“Eugénie de Montijo, wife of Napoleon III, and the last Empress of France, was known for her vast collection of jewels, and her influence on the fashions of the French court. Her beauty was captured in numerous paintings, most notably by the German portraitist Franz Winterhalter. While de Borchgrave named this piece after the famous Empress, the inspiration was actually taken from another painting – a portrait of Madame Moitessier by Jean Auguste Dominique Ingres. The 1856 painting can be viewed at The National Gallery in London.”
“A portrait of the Marquise de Pompadour, mistress of Louis XV, was the inspiration for this piece. The c. 1755 painting by Maurice-Quentin de la Tour, can be found in the permanent collection of the Musée du Louvre in Paris. The lace detail is exquisite. I can’t imagine the painstaking precision that was involved in its creation.”
Isabelle de Borchgrave – Maria de’ Medici, 2006
"Alessandro Allori’s portrait of Maria de’ Medici, now in Vienna’s Kunsthistorisches Museum, served as the basis of this piece. Maria was another daughter of Duke Cosimo, and like Bia de Medici, she died at a young age. According to legend, Maria was killed by her father – stabbed in the heart after he found the seventeen year old with her young lover. More accurate accounts suggest that she likely died of malaria.”
Isabelle de Borchgrave – Marie de’ Medici, 2006
"A Pietro Facchetti portrait of Marie de’ Medici served as the basis of this piece. As the second wife of France’s King Henry IV, Marie served as queen consort, and was eventually crowned Queen of France, the day before her husband died. Marie also acted as regent for her son, Louis XIII, until he was of age to reign. Louis XIII was 9 years old at the time of his coronation. As the mother of the King, one of Marie’s projects was the construction and design of the Palais du Luxembourg – which she sought to have resemble the Palazzo Pitti in her native Florence. The Palais du Luxembourg is in the 6th arondissement of Paris, and houses the French Senate.”
Isabelle de Borchgrave: “Part of her Papiers à la Mode series, the inspiration for this piece was taken from a 1592portrait of Elizabeth I. The painting, attributed to Nicholas Hilliard, can be found at Hardwick Hall, an Elizabethan country house in Derbyshire, England”
Isabelle de Borchgrave – Neapolitan Woman (Details), 2010
"Isabelle’s latest work is based on a Massimo Stanzione painting, Woman in Neapolitan Costume, that she viewed last summer at San Francisco’s Legion of Honor Museum. A marked ambiguity surrounds this piece, as neither the subject of Stazione’s painting nor the meaning of his imagery are known. One theory suggests that the woman is a peasant, overdressed in some sort of festival costume. Another suggests that she is a noblewoman in fanciful peasant garb. Needless to say, all of the elaborate details of her costume – the beautiful ribbons, silver embroidery and buttons, and lace collar would seem to suggest that the subject is of noble birth.”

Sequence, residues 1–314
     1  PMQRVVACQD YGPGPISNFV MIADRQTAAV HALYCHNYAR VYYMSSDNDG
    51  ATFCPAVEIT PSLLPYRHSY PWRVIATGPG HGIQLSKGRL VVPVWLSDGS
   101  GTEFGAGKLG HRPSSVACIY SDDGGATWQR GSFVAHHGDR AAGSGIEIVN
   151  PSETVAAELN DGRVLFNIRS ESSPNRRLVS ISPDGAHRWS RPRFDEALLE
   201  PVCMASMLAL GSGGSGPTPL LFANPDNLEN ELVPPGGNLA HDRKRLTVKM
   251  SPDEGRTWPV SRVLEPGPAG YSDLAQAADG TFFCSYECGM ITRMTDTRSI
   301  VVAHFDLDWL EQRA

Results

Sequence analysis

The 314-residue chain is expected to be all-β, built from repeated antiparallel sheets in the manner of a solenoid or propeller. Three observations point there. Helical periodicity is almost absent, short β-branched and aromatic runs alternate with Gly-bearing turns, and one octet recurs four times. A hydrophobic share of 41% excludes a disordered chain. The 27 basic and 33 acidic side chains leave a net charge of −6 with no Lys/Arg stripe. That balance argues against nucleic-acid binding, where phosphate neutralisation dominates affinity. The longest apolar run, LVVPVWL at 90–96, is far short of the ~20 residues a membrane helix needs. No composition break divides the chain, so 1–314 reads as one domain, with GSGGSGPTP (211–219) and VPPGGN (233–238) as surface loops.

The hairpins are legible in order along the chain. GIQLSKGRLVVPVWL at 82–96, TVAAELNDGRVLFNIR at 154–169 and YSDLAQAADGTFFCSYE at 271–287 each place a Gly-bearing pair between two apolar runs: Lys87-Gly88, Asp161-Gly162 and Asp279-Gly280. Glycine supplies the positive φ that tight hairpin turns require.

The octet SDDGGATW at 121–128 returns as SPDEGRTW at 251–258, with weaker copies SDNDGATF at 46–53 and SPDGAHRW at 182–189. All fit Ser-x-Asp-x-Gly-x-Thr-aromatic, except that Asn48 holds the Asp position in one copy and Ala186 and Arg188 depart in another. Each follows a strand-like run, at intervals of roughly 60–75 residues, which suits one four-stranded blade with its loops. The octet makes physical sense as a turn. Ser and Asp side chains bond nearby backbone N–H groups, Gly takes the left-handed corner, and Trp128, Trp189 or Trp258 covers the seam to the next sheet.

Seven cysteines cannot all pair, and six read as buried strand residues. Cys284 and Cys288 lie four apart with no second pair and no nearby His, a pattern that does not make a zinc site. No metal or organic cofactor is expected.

Isabelle de Borchgrave: “Mariano Fortuny, the artist and couturier is well known for having created the Fortuny lamp, as well as innovations in dying and printing textiles. He also created the Delphos gown and Knossos shawl, both based on the styles of ancient Greece. The Museo Fortuny is a museum housed in the former Venetian palazzo that was once the home and studio ofFortuny. A few years ago, they invited Isabelle de Borchgrave to create a collection based on Fortuny’s catalog of work. This ensemble is based on a c. 1930 Delphos gown and Knosses shawl that is part of the museum collection”
I know it’s a long text but it’s worth the read!
“The most intriguing duel fought between women, and the sole one that featured exposed breasts, took place in August 1892 in Verduz, the capitol of Liechtenstein, between Princess Pauline Metternich and the Countess Kielmannsegg. It has gone down in history as the first “emancipated duel” because all parties involved, including the principals and their seconds were female… Before the proceedings began, the baroness pointed out that many insignificant injuries in duels often became septic due to strips of clothing being driven into the wound by the point of a sword. To counter this danger she prudently suggested that both parties should fight stripped of any garments above the waist. Certainly, Baroness Lubinska was ahead of her time, taking an even more radical take on the (at the time) widely dismissed theories of British surgeon Joseph Lister, who in 1870 revolutionized surgical procedures with the introduction of antiseptic.
With the precautions Baroness Lubinska recommended, the topless women duelists were less likely to suffer from an infection; indeed, it was a smart idea to fight semiclad. Given the practicality of the baroness’ suggestion and the “emancipated” nature of the duel, it was agreed that the women would disrobe—after all, there would be no men present to ogle them. For the women, the decision to unbutton the tops of their dresses was not sexual; it was simply a way of preventing a duel of first blood from becoming a duel to the death.
It is humorous that most recounts of this historic event fail to mention two important things: the winner of the duel (Princess Metternich) and the reason why the women came to arms in the first place—they disagreed over the floral arrangements for an upcoming musical exhibition.”
^ best part of the entire article.
I think this is my favorite post I have ever made on tumblr.